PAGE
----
Why pockets were, and still are, the ultimate status symbol
From the elaborately embroidered waistcoat pockets of the 1700s to designer purses today, carrying things has always been a sign of privilege.
Pockets weren’t invented in the 1700s, but that was arguably the era when they were perfected — on the coats of wealthy men.
Having possessions is the ultimate signifier of status, so it makes sense that if you were wealthy enough to, say, carry money instead of bartering for goods, you’d do it in the most ornate way possible.
“The 18th century is a point where we can see in the silhouette of men’s waistcoats, the pockets are visible and usually highly decorated,” says Caela Castillo, co-curator of the Fashion Institute of Technology’s latest exhibit Pockets to Purses.
Pick Pockets Week: Narrower silhouettes were dominant by the early 19th century. The new fashions could no longer conceal a pocket under the skirt. Instead, women began to carry small handbags on the wrist, known as reticules. This reticule circa 1800 was fashioned from an 18th-century man’s waistcoat, as evidenced by the pocket and elaborate embroidery. Its origin and redesign blend fashionable methods for carrying belongings. _________________ On view in #PocketstoPurses opening today #reticule #pockets #MuseumatFIT #chelsea #fashionhistory #fashionexhibition
The fascinating showcase of clothing and accessories, which is free and open now through March 31 at the Museum at FIT, examines the three centuries of how we carried things and what it said about us.
Nowhere in the exhibit is the idea of pockets as privilege better signified than in a Revolutionary War-era portrait of George Washington on the battlefield, a small diary peeking out from his coat pocket.
Behind him on a horse is an enslaved man, whose simple clothes would not have had any such practical features.
“A pocket would be a symbol of status,” Castillo explains. “Slaves specifically were not allowed to have pockets because they believed it would be the gateway to dangerous activity. It gives them power.
“There’s just this level of difference at something so simple as a pocket, something we take for granted.”
Pick Pockets Week: Jean-Paul Gaultier added pockets to the outside of this man’s suit jacket (Spring 1990), transforming them into decorative elements, rather than hiding them inside. Abundant storage space in businessmen’s suits enabled them to forgo the use of a handbag, but pockets could easily become overstuffed and possessions misplaced. ________________ On view in Pockets to Purses opening tomorrow #PocketstoPurses #JeanPaulGualtier #pockets #MuseumatFIT #chelsea #fashionhistory #fashionexhibition @jpgaultierofficial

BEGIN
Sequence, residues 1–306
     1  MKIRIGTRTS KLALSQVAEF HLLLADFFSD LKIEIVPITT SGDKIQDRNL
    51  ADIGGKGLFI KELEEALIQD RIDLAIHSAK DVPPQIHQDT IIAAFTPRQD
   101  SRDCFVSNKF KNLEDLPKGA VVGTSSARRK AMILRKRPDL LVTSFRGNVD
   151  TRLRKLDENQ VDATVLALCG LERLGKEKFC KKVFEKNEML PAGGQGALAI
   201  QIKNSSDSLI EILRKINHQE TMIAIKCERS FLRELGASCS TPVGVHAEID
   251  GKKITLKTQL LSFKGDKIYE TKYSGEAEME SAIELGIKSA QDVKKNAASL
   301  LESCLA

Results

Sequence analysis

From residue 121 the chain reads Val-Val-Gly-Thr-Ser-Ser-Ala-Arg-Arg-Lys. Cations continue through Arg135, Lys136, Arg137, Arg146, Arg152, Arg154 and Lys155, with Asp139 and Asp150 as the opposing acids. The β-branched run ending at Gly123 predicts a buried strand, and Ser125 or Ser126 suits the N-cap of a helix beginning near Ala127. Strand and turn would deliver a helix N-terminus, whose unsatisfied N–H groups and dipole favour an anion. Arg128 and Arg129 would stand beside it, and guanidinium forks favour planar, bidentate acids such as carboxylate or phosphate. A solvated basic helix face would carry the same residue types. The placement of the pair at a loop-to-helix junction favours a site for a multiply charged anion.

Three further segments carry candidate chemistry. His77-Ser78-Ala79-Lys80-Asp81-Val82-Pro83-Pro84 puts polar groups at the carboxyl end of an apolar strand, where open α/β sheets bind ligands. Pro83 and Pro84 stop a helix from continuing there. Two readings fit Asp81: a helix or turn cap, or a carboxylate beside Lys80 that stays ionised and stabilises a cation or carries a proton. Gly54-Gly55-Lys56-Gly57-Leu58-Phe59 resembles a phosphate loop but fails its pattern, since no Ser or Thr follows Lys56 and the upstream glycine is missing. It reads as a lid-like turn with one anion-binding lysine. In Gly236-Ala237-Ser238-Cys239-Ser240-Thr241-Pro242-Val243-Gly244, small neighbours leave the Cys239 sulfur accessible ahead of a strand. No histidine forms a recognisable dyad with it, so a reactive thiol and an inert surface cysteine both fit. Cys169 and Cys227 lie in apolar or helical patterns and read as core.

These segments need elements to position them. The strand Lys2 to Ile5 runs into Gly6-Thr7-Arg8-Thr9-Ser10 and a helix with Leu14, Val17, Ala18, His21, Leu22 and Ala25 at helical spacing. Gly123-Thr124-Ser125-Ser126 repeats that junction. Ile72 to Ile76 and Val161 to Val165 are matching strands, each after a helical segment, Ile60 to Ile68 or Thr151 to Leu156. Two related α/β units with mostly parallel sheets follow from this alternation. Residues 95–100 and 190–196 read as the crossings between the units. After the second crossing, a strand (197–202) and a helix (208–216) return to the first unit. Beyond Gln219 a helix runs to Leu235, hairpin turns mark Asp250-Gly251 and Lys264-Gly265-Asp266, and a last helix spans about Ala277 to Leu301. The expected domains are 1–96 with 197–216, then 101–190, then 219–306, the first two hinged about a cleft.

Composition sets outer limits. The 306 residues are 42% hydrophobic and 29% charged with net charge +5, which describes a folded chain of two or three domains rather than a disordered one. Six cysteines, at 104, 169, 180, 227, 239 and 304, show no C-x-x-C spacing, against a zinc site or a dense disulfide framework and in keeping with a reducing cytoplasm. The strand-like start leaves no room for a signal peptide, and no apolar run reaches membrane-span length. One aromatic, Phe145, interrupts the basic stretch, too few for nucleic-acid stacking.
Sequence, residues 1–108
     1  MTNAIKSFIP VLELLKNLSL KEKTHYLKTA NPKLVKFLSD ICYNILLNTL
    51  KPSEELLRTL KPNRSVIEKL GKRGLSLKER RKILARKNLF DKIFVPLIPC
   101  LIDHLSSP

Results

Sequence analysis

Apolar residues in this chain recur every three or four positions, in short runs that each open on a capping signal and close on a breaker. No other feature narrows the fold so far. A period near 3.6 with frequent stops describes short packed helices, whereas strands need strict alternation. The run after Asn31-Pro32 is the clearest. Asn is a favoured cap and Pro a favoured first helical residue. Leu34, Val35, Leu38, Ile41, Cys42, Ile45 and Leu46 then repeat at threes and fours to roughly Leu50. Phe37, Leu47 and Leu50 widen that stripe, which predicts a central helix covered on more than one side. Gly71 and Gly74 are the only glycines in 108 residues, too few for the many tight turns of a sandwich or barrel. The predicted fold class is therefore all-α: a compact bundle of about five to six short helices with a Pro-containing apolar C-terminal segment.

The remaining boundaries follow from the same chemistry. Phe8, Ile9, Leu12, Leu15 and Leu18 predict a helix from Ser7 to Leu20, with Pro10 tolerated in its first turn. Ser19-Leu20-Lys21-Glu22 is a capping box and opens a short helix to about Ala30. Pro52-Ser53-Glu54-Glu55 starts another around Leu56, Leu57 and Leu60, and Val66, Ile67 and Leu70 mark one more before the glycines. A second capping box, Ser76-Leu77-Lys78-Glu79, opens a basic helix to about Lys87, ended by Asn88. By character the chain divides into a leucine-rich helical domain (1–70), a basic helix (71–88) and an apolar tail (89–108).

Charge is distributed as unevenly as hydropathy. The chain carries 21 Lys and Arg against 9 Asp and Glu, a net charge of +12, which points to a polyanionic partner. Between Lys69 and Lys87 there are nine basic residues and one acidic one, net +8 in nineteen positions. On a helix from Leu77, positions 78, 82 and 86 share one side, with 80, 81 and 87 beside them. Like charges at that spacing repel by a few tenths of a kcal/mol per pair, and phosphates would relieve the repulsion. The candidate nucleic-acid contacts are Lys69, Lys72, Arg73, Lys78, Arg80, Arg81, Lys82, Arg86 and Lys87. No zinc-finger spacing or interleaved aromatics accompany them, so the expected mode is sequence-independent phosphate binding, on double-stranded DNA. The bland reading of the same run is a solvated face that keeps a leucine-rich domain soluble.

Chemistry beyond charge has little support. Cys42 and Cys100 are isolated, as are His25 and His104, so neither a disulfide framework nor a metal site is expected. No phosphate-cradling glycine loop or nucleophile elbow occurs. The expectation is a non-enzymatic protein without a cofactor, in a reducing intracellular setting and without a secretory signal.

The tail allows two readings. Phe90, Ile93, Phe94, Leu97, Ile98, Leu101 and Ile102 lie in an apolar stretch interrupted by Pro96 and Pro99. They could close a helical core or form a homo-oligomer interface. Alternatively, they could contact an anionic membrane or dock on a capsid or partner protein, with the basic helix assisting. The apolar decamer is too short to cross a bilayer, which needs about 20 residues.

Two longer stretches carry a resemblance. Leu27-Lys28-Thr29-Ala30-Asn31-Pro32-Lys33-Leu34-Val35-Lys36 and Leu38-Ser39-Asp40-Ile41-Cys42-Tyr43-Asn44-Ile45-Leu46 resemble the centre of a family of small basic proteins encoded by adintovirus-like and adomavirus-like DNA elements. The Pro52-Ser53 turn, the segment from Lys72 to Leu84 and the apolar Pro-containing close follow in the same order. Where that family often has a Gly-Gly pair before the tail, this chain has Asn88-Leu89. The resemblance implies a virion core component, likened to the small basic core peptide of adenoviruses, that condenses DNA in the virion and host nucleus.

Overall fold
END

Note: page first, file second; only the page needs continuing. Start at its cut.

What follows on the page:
At the same time, women who had the privilege of possessions (their husbands often carried whatever they were thought to need) carried them in a plain tie-on pocket under their large skirts.
Kind of a boring way to go about your business, so it’s not surprising that once waistcoats were no longer fashionable for men, their heavily embroidered pockets would be peeled off and transformed into the first ladies’ purses in the early 1800s.
“It just goes full circle,” Castillo laughs. “With the silhouettes in the early 1800s, there’s really no room for those pockets, so that becomes a different issue. It would’ve disrupted those clean, straight lines.”
The exhibit goes on to explore the first-ever miser purses, which were actually more like beaded portable pockets made by women at home for loved ones (think of them as 19th-century friendship bracelets).
For lower-class women, miser purses also presented a chance at freedom through self-sufficiency by selling them.
There’s so much more about the history of both pockets and purses, and the often gender-based divides about who can wear which. There’s Christian Dior’s famous quip from the ‘80s that “Men have pockets to keep things in, women for decoration,” while in the ‘90s, Joey Tribbiani’s so-called “Friends” shamed him for carrying what they mockingly called a “man purse.”
Maybe someday, we’ll all be free to accessorize the way we like.